Rigopiano Hotel avalanche: First funerals as search goes on

Media caption,
Funeral held for chief waiter at Rigopiano Hotel

The first funerals have been held for those who died in last week's avalanche at a hotel in central Italy.

Crowds paid their respects to Alessandro Giancaterino, 42, and Gabriele D'Angelo, 31, waiters at the Hotel Rigopiano.

Another body, of a woman, was found on Tuesday, bringing the death toll to 16.

But rescuers continue to search for 13 people still missing, and say there is a chance survivors could be trapped in the hotel bar.

They are trying to punch their way in through the 80cm (2ft 7in) concrete wall, in the hope that some could still be alive in air pockets there.

"We are working on the theory that the avalanche did not necessarily hit or destroy every room and that we haven't yet reached the heart of the structure," said a spokesman for the fire service, Luca Cari.

He said rescuers were working around the clock at the remains of the hotel - which in 2009 hosted Hollywood star George Clooney.

So far, 11 people have been found alive following the 120,000-ton avalanche - which police have calculated had the equivalent impact of the hotel being hit by 4,000 fully loaded trucks travelling at over 100 km/h (60 mph).

On Tuesday, first victims were laid to rest - chief waiter Giancaterino in the next village of Farindola, while fellow waiter D'Angelo was being buried a few kilometres away.

Media caption,
Firefighters have been working around the clock in the hope of finding more survivors

Giancaterino was in the hotel at the time as he had offered to stay for a double shift on 18 January to cover a fellow worker who was struggling to get in through the snow drifts, said AP news agency.

"He was a great hard worker. He was very professional," said his brother, Massimiliano Giancaterino. "This is the memory that I want to keep of my brother, beyond obviously the private ones that I keep in my heart."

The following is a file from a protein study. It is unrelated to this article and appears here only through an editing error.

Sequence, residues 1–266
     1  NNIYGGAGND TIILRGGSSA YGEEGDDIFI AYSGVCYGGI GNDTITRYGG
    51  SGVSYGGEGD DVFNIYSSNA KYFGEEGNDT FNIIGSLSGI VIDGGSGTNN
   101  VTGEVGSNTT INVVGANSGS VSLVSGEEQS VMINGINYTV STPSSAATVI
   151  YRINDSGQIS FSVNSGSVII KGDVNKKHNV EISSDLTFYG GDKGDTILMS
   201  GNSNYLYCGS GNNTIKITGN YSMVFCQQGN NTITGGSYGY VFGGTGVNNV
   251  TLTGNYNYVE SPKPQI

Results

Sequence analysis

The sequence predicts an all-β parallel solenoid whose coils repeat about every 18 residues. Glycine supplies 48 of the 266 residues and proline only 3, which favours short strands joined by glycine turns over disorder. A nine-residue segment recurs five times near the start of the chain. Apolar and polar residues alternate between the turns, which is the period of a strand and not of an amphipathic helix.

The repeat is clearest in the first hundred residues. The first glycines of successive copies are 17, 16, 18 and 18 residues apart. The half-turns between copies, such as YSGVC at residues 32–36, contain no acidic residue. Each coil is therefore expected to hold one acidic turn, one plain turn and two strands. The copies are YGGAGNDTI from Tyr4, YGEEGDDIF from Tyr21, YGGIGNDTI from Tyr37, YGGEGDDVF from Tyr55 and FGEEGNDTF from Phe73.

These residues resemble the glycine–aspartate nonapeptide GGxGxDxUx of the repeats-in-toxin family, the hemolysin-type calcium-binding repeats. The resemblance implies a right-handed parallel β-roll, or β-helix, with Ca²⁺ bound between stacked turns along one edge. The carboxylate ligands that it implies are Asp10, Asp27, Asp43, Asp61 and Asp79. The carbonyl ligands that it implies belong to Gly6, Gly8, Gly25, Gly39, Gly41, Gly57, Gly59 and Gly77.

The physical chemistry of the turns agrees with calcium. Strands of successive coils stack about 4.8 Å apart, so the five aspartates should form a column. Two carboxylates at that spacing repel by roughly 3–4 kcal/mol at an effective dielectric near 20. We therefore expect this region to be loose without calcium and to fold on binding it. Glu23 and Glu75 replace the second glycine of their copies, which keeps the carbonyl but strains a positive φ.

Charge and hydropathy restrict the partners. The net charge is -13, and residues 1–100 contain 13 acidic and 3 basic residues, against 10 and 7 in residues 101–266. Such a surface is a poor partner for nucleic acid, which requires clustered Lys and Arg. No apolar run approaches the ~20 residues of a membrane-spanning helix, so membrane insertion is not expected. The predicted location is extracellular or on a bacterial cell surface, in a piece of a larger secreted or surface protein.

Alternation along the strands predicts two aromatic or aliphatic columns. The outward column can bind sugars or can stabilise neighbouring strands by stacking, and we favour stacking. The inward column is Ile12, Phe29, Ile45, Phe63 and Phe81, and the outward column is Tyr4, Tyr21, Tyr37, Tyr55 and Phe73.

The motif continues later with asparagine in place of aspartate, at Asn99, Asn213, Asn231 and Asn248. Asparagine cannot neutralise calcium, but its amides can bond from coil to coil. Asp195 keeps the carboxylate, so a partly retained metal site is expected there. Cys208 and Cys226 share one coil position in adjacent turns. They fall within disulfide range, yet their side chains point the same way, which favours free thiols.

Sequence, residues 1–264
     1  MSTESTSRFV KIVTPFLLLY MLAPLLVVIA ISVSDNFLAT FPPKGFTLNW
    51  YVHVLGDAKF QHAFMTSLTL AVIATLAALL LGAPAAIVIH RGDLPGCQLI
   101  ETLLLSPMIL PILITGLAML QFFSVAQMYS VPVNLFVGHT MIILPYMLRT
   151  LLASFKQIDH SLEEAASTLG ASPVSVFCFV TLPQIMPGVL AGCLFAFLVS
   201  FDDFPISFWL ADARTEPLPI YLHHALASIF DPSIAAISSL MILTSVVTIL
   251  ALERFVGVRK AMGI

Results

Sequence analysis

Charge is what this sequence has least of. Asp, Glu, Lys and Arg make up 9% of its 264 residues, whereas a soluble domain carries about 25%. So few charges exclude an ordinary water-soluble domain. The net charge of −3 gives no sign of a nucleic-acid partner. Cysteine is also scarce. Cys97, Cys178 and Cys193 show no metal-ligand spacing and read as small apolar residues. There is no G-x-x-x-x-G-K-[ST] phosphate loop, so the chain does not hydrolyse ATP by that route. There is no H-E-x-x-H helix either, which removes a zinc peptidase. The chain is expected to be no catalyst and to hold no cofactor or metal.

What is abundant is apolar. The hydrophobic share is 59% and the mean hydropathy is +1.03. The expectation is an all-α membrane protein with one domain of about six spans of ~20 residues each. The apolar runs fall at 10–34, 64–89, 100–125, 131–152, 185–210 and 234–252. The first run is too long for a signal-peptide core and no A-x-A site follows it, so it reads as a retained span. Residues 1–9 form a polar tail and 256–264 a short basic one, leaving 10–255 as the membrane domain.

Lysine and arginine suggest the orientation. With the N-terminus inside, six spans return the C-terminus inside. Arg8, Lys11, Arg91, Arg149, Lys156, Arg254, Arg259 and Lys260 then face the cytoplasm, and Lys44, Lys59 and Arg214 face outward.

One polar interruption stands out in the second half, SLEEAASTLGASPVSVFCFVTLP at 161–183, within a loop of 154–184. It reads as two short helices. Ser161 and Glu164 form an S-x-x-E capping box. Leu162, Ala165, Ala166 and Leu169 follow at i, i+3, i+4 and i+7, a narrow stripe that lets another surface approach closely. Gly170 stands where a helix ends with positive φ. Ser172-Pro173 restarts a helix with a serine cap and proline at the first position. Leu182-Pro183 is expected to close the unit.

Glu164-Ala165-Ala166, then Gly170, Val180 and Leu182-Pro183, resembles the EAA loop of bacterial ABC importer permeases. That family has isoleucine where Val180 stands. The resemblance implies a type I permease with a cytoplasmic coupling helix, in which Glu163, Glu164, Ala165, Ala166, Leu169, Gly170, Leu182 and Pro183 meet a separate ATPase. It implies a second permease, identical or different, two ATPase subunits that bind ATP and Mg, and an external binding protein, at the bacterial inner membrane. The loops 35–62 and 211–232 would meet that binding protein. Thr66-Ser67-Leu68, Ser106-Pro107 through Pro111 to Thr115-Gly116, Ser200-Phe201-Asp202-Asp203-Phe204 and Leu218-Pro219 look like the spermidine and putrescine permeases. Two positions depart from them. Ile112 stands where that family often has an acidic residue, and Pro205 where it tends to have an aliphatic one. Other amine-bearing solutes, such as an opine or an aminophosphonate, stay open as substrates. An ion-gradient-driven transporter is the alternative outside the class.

At the hotel, rescuers have been able to excavate a path into the hotel which allows access for heavy machinery, said firefighters' spokesman Mr Cari.

They will now try to create a shaft through the thick concrete wall dividing the bar from the kitchen, in the hope that there could be an air pocket - and possible survivors - in the space behind.

More questions

As the search continued, a rescue team was sent from the base co-ordinating the avalanche operation to help in an unrelated helicopter crash nearby, public broadcaster Rai reported.

Image source, AFP
Image caption,
Crowds gathered in nearby Farindola to say goodbye
Image source, EPA
Image caption,
Rescuers have entered the remains of the hotel structure through a hole in the roof
Image source, EPA
Image caption,
Melting snow revealed abandoned cars

Italian President Sergio Mattarella has called for a "united effort and common front in the face of disaster".

But further concerns have been raised about the emergency services' handling of the disaster and authorities have opened an official inquiry into the circumstances of the tragedy.

Details have emerged of an emergency phone call between a restaurant owner and a senior official at the local authority co-ordinating rescues in Pescara. A transcript has been published by Italian daily La Repubblica.

At 18:20 local time (19:20 GMT), after the hotel's collapse, Quintino Marcello tells the official that his chef, Giampiero Parete, who was staying at the Rigopiano, contacted him on Whatsapp five minutes before.

"The Rigopiano hotel has collapsed, there's nothing left. He's there with his wife and little children. Act immediately. Go up there!"

But La Repubblica says the official insists the hotel is fine and that the fire brigade checked it out during the morning. It was a barn containing sheep at a farm that had collapsed, the official says.

Mr Parete had already contacted emergency services some time before, La Repubblica says, but they checked with the hotel owner, Bruno di Tommaso, who told them he was unaware of an avalanche - though crucially he was not at the scene.

Earlier, relatives of the missing complained that the snow-bound hotel should have been evacuated before the avalanche hit late on Wednesday afternoon. One relative, Alessio Feniello, accused authorities of wrongly telling him that his son, Stefano, had been rescued.

It has also emerged that the hotel owner sent the authorities an email asking for help a few hours before the avalanche, saying that guests were "terrorised by the earthquakes and have decided to stay out in the open".

Prosecutor are also examining whether environmental risks were properly assessed during the construction and subsequent renovation of the hotel.

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